China Weighs Letting US Cloud Providers Operate Their Own Data Centers

Negotiating a deal to end the trade war, Chinese officials appear more open than before to loosening cloud rules.

Yevgeniy Sverdlik

March 28, 2019

3 Min Read
China's Premier Li Keqiang, March 2018
China's Premier Li Keqiang, March 2018Lintao Zhang/Getty Images

In August 2016, Chinese data center and internet service provider Beijing Sinnet Technology took over from Amazon Web Services the job of operating and providing AWS cloud services hosted in the US tech giant’s first cloud availability region in Mainland China.

In 2017, Amazon sold all its equipment used to provide those services to its Chinese partner, saying it was necessary for AWS to remain compliant with the country’s tightening restrictions on foreign service providers. When it launched the second Chinese availability region, in Ningxia, AWS said right away that it would be operated by another Chinese company, Ningxia Western Cloud Data Technology.

Earlier in the decade, prior to AWS entering Mainland China, its rivals Microsoft Azure and IBM Cloud each launched cloud services there, both operated and provided by the Chinese data center operator 21Vianet.

China is the only market where non-Chinese cloud companies cannot operate their own data centers and provide their own services. To do that, they need what is called a “value-added telecom permit,” according to Microsoft. The government only issues these permits to “locally registered companies with less than 50 percent foreign investment.”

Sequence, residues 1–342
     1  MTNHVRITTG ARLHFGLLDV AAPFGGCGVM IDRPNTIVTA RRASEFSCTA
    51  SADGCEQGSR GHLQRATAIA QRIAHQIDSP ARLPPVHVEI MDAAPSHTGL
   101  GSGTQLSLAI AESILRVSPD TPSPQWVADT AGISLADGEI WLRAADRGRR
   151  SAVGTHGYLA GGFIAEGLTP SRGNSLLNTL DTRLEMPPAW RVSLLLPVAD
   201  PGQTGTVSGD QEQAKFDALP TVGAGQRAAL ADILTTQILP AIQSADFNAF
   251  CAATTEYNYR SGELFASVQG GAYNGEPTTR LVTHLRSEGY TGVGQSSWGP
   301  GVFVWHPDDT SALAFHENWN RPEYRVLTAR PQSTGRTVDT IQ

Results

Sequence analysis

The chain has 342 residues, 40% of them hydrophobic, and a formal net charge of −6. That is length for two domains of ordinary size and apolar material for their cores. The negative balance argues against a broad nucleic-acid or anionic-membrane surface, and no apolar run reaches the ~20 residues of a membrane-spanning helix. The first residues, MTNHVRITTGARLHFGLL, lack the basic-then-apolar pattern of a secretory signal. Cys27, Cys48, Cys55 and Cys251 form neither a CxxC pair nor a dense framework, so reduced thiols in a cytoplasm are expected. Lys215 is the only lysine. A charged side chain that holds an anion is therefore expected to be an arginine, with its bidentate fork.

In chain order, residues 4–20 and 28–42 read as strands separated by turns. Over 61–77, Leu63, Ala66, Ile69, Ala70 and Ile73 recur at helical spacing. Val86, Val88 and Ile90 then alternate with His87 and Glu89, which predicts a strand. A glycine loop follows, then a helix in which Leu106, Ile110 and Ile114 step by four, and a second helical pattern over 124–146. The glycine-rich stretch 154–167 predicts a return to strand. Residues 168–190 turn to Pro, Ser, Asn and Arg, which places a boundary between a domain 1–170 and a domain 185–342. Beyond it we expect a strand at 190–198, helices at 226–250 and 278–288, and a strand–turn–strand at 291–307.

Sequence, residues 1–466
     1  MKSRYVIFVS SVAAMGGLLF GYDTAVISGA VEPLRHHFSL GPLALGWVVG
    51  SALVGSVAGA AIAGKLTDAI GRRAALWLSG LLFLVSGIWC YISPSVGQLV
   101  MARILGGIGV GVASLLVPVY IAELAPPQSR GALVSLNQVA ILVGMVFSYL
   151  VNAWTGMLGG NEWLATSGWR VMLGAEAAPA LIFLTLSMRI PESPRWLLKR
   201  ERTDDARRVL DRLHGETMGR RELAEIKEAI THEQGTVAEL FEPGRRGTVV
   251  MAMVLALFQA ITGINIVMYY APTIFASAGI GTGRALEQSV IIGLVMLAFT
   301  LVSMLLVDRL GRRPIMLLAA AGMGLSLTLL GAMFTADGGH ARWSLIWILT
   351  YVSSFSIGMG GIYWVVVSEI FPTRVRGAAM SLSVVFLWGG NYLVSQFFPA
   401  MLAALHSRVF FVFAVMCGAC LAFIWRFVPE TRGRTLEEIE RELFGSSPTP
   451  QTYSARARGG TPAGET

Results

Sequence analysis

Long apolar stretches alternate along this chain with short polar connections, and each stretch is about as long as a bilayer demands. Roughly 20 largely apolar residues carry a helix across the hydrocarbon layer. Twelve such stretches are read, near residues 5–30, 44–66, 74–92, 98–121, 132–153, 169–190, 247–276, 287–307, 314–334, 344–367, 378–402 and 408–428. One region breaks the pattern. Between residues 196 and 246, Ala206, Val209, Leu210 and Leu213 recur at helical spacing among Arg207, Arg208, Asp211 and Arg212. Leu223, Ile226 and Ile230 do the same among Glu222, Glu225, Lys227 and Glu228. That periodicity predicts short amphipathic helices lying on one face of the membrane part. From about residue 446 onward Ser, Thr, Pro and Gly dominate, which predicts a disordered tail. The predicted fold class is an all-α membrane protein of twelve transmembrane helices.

But there are now signs that Chinese trade officials are softening their stance on these rules as they negotiate with their American counterparts a deal to end a bruising trade war. This Monday, Chinese Premier Li Keqiang told a group of US corporate executives, which included IBM CEO Ginni Rometty, about a proposal to let US companies own and operate data centers in a specially designated zone as a “liberalization pilot,” according to the Wall Street Journal (subscription required).

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The license requirements, outlined in the PRC Telecom Regulation, have been one of the big points of contention in the US-China trade relations. They’re seen by the US as giving Chinese cloud providers like Alibaba and Tencent an unfair advantage in the world’s second largest market. Meanwhile, Chinese cloud providers have been allowed to operate freely in the US – albeit without much success.

The proposed free-trade zone would most likely be in the southern city of Guiyang, according to the Journal’s sources. The foreign cloud providers would have to offer adequate “privacy protection” to Chinese customers, Li was quoted as saying.

But some important specifics of the proposal are unclear, such as whether data on the providers’ networks would be allowed to travel outside of the free-trade zone. It’s also unclear whether the US will accept the proposal, which some see as an incremental adjustment being offered instead of real reform. Chinese officials reportedly say test-driving reforms in pilot zones before rolling them out nationwide has been a common practice in the country.

Related:Why GDS Thinks It’ll Go on Winning in the Chinese Data Center Market

Another common complaint from foreign companies operating in China is the government’s apparent lack of concern about Chinese companies stealing intellectual property. Li signaled this week that there may now be more willingness to change that as well, according to the Journal’s article.

Speaking to a different group Thursday, he said those infringing on intellectual property could face “unaffordable costs” under a new patent law now in progress.

The premier made the statements as the current round of negotiations to end the trade war is coming to an end, with US negotiators visiting Beijing this week, and their Chinese counterparts due in Washington, D.C., next week.

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